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Core Competencies

Date: July 24 2000

Core Competencies

What Are Core Competencies?

The idea of core competencies came from the 1990 Harvard Business Review article "The Core Competence of the Corporation" by strategy theorists C.K. Prahalad and G. Hamel.

They believe that excellent organizations are "good" at some specific things.   For example that Honda is good at building engines, Sony at miniaturizing products and Boeing in understanding the aerodynamics of flight.

The implication is that companies should learn what their core competencies are and build strategy around core competencies.

How do they Relate to Personal Competencies?

They don´t-which can be confusing.   HR people need to be aware that a lot of managers will be familiar with Prahalad´s ideas about core corporate competencies which can muddy the waters when trying to talk about personal competencies.

What is HR´s Role in Developing Core Competencies?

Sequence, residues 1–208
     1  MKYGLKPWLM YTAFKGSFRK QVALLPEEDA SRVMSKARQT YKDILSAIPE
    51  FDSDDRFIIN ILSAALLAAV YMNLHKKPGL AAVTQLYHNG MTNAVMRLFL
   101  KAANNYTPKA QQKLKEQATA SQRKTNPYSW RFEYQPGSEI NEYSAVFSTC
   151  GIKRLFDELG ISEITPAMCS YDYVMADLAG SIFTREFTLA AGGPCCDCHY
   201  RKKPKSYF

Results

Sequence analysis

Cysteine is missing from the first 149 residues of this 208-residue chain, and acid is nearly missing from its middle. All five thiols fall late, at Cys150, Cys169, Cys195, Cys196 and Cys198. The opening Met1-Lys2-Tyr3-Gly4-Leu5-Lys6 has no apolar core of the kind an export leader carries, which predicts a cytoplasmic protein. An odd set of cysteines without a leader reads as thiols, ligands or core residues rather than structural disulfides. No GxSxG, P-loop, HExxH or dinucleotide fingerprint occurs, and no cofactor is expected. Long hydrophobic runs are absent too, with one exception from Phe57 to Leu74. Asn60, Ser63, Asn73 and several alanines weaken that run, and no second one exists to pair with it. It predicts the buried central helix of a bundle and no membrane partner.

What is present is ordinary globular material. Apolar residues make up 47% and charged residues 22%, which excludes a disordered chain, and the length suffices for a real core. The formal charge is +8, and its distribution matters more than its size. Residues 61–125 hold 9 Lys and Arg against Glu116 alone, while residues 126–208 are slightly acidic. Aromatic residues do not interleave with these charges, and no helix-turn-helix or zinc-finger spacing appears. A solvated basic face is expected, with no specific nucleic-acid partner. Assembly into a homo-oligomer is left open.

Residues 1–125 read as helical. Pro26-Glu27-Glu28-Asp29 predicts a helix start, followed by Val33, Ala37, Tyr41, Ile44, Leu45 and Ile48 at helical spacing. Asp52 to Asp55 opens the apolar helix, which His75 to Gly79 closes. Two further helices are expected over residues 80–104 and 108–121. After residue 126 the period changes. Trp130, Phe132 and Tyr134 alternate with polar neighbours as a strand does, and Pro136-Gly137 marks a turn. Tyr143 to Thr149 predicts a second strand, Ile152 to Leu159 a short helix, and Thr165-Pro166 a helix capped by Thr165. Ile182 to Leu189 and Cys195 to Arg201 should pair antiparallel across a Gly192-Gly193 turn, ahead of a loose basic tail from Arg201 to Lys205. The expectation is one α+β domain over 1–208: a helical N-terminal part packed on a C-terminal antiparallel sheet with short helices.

While the main thrust of ideas around core competencies relate to how to direct business strategy, an obvious question is how organizations develop and maintain core competencies.   This is where HR comes in.

HR has a variety of tools to develop core competencies:

  • Training tactics to develop knowledge
  • Retention tactics to hold on to knowledge
  • "Communities of Practice" to do what training can not in knowledge development (watch for our John Seely Brown interview in a couple of weeks)

In fact, the whole weight of organizational development can be focused on building up core competencies.

What are the Drawbacks of Core Competencies?

The main thing to remember is that "core competencies" are just an idea not a fact of nature.   It´s one way of thinking about the company but that is all.   In some cases it can be a useful thinking tool.   Some organizations may want to use this as a central theme for defining their business and strategy-but most will not.


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